How exciting is this!?!?

The original researcher Itzhak Khait, a plant scientist at Tel Aviv University, started out searching for this topic the same way other seemingly serendipitous breakthroughs are discovered:

With a curious question. 

A woman head in a field of flowers representing speaking plants. Tres Keikis Skin health blog, by author Chantelle Davidson

Why did plants choose to evolve to be silent?  

Most animals and even insects have some sort of auditory signaling or language. Even fish and coral reefs make sounds. Up until now, we assumed plants only communicated with each other and the outside world through chemical signals and color.

In Itzhak's question to discovery why plants chose to be silent he found out something quite un expected. Instead, he and his researchers discovered they are indeed regularly chatty after all! Even more so, they love to complain.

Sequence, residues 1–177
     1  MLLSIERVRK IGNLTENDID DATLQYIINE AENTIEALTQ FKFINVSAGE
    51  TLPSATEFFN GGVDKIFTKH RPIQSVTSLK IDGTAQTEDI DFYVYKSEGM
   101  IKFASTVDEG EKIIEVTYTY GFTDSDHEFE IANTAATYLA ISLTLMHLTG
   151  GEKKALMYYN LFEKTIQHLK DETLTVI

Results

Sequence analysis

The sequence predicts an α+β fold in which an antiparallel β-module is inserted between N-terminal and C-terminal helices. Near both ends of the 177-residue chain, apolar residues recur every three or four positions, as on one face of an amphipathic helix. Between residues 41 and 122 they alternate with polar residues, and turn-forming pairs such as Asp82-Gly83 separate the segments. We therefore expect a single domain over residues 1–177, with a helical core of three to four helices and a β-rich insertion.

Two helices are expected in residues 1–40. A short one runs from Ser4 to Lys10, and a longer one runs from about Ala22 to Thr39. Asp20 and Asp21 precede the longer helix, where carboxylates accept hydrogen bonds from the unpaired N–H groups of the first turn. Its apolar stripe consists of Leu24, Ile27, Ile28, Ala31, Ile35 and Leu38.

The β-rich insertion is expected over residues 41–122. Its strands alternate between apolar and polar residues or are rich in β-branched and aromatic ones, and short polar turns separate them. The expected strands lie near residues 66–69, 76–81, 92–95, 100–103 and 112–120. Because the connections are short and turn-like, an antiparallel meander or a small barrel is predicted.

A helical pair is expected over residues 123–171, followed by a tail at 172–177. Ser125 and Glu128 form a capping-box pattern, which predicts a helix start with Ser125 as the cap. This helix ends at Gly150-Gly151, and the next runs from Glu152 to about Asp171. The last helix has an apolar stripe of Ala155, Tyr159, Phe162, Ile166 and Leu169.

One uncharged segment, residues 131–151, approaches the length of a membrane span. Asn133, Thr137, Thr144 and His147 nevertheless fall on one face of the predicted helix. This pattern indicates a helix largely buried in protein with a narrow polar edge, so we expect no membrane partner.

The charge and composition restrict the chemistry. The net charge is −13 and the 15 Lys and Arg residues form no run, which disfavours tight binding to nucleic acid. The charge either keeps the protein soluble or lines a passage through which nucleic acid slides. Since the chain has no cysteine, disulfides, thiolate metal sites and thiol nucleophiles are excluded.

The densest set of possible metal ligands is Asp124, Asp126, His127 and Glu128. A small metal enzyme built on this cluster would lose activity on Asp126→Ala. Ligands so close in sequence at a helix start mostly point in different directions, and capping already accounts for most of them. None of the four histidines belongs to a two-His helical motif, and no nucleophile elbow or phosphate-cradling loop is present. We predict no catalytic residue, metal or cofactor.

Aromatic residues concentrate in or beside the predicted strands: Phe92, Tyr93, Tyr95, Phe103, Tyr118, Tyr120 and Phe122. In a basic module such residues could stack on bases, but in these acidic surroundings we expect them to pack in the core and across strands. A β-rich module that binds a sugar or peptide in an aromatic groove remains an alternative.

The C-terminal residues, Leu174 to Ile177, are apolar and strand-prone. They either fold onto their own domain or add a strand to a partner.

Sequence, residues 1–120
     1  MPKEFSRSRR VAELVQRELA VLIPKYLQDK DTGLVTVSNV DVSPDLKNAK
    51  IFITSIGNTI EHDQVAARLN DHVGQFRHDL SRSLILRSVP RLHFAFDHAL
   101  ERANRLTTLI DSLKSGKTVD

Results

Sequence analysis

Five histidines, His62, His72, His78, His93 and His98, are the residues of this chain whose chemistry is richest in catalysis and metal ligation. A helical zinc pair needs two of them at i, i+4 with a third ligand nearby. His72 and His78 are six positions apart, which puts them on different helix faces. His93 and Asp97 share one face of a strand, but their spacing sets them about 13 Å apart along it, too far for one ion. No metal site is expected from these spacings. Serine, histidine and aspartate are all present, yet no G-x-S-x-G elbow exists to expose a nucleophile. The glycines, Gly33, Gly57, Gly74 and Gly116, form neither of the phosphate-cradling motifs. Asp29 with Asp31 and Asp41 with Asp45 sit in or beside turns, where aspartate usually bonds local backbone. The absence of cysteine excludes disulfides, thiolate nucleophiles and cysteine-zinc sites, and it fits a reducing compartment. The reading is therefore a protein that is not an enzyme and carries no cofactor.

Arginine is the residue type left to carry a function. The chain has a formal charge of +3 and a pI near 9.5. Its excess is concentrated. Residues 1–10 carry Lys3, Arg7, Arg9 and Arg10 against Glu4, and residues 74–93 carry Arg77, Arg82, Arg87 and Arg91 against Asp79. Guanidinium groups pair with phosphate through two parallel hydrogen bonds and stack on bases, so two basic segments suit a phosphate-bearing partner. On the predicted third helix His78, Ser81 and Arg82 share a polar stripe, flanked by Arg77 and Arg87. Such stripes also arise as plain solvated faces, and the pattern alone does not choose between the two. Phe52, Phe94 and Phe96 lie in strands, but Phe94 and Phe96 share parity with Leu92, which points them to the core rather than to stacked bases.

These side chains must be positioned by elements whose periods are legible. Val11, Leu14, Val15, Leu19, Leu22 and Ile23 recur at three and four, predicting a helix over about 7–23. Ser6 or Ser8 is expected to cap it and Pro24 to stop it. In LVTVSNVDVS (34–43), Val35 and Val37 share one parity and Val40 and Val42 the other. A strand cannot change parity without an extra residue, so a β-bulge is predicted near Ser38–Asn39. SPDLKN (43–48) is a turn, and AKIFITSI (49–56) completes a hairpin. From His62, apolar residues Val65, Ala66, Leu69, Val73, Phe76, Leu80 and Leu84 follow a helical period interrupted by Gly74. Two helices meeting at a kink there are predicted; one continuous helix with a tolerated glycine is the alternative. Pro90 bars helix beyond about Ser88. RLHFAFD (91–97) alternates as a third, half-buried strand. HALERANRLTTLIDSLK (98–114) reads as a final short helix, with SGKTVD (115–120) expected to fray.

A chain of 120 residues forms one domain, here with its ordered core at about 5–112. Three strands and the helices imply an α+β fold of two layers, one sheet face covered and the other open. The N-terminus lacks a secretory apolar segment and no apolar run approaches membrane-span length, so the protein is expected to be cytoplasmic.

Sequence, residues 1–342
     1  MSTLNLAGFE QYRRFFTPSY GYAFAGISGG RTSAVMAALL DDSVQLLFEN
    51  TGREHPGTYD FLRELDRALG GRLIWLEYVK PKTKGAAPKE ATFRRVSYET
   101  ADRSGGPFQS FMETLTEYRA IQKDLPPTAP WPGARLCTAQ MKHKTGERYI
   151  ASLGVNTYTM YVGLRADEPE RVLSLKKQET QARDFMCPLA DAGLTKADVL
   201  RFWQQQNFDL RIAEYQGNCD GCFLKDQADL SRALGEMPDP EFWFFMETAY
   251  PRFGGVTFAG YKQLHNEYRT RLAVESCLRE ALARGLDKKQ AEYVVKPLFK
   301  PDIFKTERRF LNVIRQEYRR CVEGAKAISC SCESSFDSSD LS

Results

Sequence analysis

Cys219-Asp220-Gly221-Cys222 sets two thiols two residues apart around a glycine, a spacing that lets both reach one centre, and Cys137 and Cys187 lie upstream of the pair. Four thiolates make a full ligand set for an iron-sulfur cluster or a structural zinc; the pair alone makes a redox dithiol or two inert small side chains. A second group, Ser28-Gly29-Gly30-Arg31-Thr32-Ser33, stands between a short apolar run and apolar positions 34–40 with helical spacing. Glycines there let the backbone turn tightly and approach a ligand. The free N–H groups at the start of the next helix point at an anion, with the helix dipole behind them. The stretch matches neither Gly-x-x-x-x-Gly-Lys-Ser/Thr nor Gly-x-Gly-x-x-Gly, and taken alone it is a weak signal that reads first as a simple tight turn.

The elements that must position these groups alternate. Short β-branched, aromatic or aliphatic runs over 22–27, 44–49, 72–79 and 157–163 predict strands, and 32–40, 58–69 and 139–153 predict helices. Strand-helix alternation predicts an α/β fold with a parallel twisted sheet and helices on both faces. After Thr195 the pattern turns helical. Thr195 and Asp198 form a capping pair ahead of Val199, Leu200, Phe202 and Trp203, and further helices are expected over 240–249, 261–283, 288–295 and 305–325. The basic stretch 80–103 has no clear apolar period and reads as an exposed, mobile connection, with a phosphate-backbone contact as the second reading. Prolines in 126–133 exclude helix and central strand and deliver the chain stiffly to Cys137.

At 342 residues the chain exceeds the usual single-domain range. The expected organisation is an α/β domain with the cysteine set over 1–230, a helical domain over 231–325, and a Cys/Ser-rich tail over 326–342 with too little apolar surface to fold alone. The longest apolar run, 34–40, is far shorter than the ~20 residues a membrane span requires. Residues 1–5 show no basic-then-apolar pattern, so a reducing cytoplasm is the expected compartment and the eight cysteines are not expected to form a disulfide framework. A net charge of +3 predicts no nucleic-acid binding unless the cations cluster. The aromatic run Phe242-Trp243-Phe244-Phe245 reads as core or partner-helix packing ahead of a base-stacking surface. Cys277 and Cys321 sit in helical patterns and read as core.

Plants emit ultrasonic sounds when they experience stress. (These ultrasonic sounds are above the human hear range.) This is big news with big implications. First of all whom are they talking to? Itzhak's researchers ponder once they know the answer to he who, then they can better understand the why and what. 

Does that mean they can listen too? Perhaps those hippies were right, sining to our plants makes them happier? 

What they do know, using machine learning, that in all the plants they tested, the frequency and duration of sounds was greater when the plants were exposed to stressful situations. 

 A blue and pastel pink image of a woman surrounded by the sounds of flower. Tres Keikis Skin health blog, author Chantelle Davidson

 The study, published in the journal Trends in Plant Science, found that tomato and tobacco plants made sounds at frequencies of 40 to 80 kilohertz when deprived of water or cut. The researchers used machine learning models to match the sounds to different species of plants and the different stresses they were subjected to. The study also recorded the sounds of wheat, corn, grapes, cacti, and mint plants to test the findings. The research suggests that monitoring plants' ultrasonic sounds could help detect plant stress before it is visible to the naked eye. You can read the full article here. 


Dr. Chantelle Davidson Pharm.D

Tres Keikis Skin Health Blog 


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